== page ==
The case for Russia sanctions

The case for Russia sanctions
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In a rare show of bipartisanship, the House has overwhelmingly voted in favor of a bill to block the Treasury Department from lifting sanctions on three Russian companies linked to oligarch Oleg Deripaska. Unfortunately, that across the aisle agreement may be for naught. Senate Majority Leader Mitch McConnellAddison (Mitch) Mitchell McConnellMcConnell challenger faces tougher path after rocky launch Funding a strong defense of our nation's democratic process can't wait The Hill's Morning Report: Trump walks back from 'send her back' chants MORE has already countenanced one successful filibuster against a similar sanctions bill originating in the upper chamber and is unlikely to bring the House legislation to the floor. It is indeed a shame.

If any Russian oligarch deserves sanctions, it is Deripaska. A billionaire several times over, he enjoys powerful connections and tremendous influence inside the Kremlin. He also has a long history of confrontation with American authorities. In the last decade, he was denied an American business visa to the United States because of alleged links to organized crime in Russia. He reportedly skirted this federal ban by using a Russian diplomatic passport on the pretence of attending United Nations and Group of 20 events in the United States. In Moscow, connections pay off.


More recently, Deripaska has been named a person of interest in the federal investigation into Russian election hacking. He had business ties with former Trump campaign manager Paul ManafortPaul John ManafortWebb: Questions for Robert Mueller Top Mueller prosecutor Zainab Ahmad joins law firm Gibson Dunn Russian oligarch's story could spell trouble for Team Mueller MORE, who was recently convicted of tax and bank fraud as a result of that ongoing investigation. Last year, the United States put Deripaska on its sanctions list alongside two of his companies, aluminium giant Rusal and its parent company EN+. But soon, Treasury Secretary Steven MnuchinSteven Terner MnuchinBudget talks between White House, Pelosi spill into weekend Conservative group raises concerns about potential budget deal How China's currency manipulation cheats America on trade MORE suggested that sanctions against Rusal and EN+ could be lifted could be lifted if Deripaska shows he no longer holds majority shares in the companies.

Since then, a team of lawyers and lobbyists employed by Deripaska and his companies have been working overtime to convince the Office of Foreign Assets Control to lift the sanctions. Last month, the Treasury Department announced it would do just that. According to announced deal, Deripaska has reduced his share in Rusal from 70 percent to 45 percent. It should be noted, however, that two of his relatives control another 7 percent, giving him effective control of 52 percent of the company. As for Deripaska himself, he will remain under sanctions.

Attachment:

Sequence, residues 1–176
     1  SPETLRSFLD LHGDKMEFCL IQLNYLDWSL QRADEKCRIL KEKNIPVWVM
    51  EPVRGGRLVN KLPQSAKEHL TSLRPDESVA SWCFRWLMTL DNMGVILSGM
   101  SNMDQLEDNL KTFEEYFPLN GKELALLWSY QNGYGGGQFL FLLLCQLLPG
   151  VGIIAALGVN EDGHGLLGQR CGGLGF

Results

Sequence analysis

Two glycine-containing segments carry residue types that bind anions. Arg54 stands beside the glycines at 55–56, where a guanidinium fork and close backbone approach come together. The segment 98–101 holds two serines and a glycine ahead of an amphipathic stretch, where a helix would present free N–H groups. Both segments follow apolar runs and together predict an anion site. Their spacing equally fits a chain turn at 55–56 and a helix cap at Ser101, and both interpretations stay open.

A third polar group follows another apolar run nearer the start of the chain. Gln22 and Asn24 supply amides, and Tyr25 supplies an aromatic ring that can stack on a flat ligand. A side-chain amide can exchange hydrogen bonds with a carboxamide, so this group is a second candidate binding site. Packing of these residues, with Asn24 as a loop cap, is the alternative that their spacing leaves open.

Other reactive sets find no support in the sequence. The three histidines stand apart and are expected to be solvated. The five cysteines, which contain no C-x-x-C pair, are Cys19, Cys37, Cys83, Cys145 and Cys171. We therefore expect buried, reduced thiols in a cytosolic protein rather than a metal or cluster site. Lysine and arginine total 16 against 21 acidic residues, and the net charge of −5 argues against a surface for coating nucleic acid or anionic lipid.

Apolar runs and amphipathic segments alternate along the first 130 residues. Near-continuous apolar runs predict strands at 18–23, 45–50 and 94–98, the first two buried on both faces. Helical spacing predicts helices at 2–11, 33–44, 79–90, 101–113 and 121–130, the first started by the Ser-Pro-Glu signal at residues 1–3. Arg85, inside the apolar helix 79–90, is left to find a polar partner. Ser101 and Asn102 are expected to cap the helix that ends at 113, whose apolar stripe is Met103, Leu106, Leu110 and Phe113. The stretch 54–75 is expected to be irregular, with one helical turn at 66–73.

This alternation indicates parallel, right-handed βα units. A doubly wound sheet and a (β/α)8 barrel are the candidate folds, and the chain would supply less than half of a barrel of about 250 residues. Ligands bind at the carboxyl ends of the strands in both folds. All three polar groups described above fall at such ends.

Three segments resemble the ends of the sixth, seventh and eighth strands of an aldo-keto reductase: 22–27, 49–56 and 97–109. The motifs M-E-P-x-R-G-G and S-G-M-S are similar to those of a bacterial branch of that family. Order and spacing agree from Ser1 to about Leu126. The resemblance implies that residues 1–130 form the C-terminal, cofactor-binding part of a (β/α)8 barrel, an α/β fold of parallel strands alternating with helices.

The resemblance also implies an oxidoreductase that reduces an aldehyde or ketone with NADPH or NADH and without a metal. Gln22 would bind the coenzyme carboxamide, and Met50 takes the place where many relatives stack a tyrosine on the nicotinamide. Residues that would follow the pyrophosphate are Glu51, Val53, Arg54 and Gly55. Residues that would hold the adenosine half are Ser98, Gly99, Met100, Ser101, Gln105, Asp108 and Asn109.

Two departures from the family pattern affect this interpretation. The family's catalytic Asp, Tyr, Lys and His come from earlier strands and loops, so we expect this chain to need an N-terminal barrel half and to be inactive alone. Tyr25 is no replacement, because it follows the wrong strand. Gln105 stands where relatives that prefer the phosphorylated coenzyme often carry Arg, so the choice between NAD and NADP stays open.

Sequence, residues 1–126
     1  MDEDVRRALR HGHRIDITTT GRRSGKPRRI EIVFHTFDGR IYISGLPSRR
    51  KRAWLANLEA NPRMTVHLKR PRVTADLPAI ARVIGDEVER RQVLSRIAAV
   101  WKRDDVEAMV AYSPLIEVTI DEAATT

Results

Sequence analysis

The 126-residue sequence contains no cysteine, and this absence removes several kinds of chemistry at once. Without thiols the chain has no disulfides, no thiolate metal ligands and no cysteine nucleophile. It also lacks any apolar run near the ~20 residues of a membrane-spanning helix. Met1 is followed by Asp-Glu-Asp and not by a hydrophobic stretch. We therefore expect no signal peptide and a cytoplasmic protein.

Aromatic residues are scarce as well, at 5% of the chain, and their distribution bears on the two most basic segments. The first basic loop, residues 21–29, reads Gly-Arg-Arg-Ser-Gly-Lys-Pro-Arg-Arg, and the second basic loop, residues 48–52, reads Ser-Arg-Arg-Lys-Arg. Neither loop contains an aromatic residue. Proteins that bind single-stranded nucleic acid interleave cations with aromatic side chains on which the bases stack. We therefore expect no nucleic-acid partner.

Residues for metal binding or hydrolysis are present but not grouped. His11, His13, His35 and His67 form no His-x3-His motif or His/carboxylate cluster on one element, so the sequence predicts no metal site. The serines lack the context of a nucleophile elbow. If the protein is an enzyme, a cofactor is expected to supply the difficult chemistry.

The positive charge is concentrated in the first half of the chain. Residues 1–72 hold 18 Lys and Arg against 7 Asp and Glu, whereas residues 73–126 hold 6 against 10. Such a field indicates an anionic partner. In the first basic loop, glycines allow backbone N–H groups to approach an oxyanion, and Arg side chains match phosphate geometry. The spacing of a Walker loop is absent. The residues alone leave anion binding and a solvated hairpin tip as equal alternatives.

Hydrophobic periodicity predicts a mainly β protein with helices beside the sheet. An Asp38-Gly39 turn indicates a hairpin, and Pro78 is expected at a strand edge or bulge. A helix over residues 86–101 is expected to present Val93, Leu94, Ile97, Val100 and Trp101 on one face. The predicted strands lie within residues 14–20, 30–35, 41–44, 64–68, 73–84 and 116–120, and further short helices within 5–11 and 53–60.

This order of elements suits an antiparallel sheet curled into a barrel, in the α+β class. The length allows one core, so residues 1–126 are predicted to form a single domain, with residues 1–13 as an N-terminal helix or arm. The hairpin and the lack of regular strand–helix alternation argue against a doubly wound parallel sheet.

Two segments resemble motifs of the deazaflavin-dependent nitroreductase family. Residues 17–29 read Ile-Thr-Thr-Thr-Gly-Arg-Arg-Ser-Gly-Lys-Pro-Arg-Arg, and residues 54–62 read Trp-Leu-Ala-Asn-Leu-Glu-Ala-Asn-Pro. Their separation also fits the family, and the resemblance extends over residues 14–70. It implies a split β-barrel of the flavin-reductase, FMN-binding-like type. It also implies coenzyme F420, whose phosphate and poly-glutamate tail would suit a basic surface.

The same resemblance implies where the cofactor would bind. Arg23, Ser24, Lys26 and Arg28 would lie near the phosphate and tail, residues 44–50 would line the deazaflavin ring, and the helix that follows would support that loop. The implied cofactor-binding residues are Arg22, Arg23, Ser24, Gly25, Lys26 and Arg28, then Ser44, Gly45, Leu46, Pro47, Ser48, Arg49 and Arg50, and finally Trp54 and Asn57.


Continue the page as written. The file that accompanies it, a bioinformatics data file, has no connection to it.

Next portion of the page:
This move to lift economic sanctions against the companies fails to see the bigger geopolitical picture. The decision to remove Rusal and EN+ from sanctions sends the wrong signal to Moscow and will weaken resolve in Europe when it comes to our allies there making use of sanctions. Many countries in Europe with uncomfortably close economic links to Russia are looking for an excuse to reduce sanctions against Moscow. The Treasury Department decision gives them more ammunition to make their case.

The case for sanctions remains as strong as ever. As the largest Russian producer of aluminium, Rusal and EN+ have been responsible, at least in part, for producing the Russian war machine that has run roughshod over Ukraine, Syria, and Georgia. Even if Deripaska had nothing to do with Rusal, the case for sanctioning Rusal is quite strong. It does not matter if he controls 70 percent or 1 percent of the company. Rusal is working against American interests and helping Russia violate international law.

There is no question that the economic sanctions have started to bite. Proof of this includes the great lengths Deripaska has gone to get Rusal and EN+ removed from the sanctions list. There is no good reason to render the sanctions toothless now. Russian troops still occupy Crimea and 20 percent of the territory in Georgia. In Syria, Vladimir Putin is still propping up Bashar Assad, prolonging the suffering and killing there.

Meanwhile, Moscow continues to meddle in the electoral and democratic processes in the United States and across Europe. Rather than ease the economic sanctions working against the inner circle of players close to the Kremlin, the United States should instead consider working with our allies to increase them. Now is certainly not the time to go easy on Russia.

Luke Coffey, a veteran of the United States Army, is the director of the Allison Center for Foreign Policy Studies at The Heritage Foundation.